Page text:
The refuge encompasses both the historic Colorado River channel, as well as a channelized portion constructed in the late 1960's. Along with these main water bodies, several important backwaters are home to many species of wildlife that reside in this portion of the Sonoran Desert. Because of the river's life sustaining water, wildlife thrives in this environment where temperatures reach 120 degrees in the summer and the average rainfall is two inches per year.
The lower Colorado River habitat is especially important for native fish like the razorback sucker, bonytail chub, and desert pupfish. Many of these native species have been displaced by exotic species of fish, making the refuge’s backwaters and lakes especially important. The refuge manages the native fish populations to ensure they successfully breed and prosper in Cibola Lake and the river.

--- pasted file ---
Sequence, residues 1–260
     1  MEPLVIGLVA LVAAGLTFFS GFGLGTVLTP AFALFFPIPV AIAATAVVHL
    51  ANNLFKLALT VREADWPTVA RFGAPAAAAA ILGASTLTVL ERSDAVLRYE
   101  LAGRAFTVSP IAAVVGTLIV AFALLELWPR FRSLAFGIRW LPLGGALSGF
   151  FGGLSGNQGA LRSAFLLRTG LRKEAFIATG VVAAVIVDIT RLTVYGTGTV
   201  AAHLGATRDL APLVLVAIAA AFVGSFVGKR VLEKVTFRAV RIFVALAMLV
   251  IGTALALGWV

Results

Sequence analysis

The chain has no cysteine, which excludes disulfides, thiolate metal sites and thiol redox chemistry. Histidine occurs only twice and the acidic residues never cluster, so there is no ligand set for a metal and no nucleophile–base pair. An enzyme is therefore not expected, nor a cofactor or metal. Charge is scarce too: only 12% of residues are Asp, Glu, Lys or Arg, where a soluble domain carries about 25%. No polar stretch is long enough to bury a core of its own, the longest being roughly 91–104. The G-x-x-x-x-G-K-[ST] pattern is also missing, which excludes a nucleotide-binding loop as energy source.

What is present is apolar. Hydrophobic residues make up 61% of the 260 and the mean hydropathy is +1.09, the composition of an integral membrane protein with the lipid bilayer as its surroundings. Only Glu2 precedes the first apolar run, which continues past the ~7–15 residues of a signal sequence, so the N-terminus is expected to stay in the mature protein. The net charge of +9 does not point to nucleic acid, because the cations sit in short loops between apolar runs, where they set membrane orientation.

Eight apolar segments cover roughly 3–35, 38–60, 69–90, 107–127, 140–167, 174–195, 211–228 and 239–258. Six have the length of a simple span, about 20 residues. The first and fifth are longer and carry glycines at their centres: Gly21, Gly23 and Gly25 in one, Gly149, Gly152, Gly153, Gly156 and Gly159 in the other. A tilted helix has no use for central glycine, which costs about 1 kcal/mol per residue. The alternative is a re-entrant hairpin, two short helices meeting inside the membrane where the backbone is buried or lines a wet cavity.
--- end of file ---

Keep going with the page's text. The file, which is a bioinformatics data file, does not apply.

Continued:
The greenbelt of the Colorado River serves as an important migratory corridor for a host of birds making their thousand-mile journey through this area. Here, western and Clark's grebe chicks ride the backs of their parents as they cruise along a shoreline under the branches of cottonwood and willow trees, rookeries for great blue herons and egrets. The tall trees offer colorful migratory songbirds like the vermillion flycatcher a place to perch and watch for an insect meal. Ground dwelling birds like Gamble’s quail and roadrunners dart between river vegetation looking for cover from overhead predators in search of prey, specifically golden eagles and peregrine falcons. Elsewhere on the refuge, moist soil units and wildlife crops offer nutrient-rich tubers, grains and seedlings, important sources of winter food for Canada and snow geese.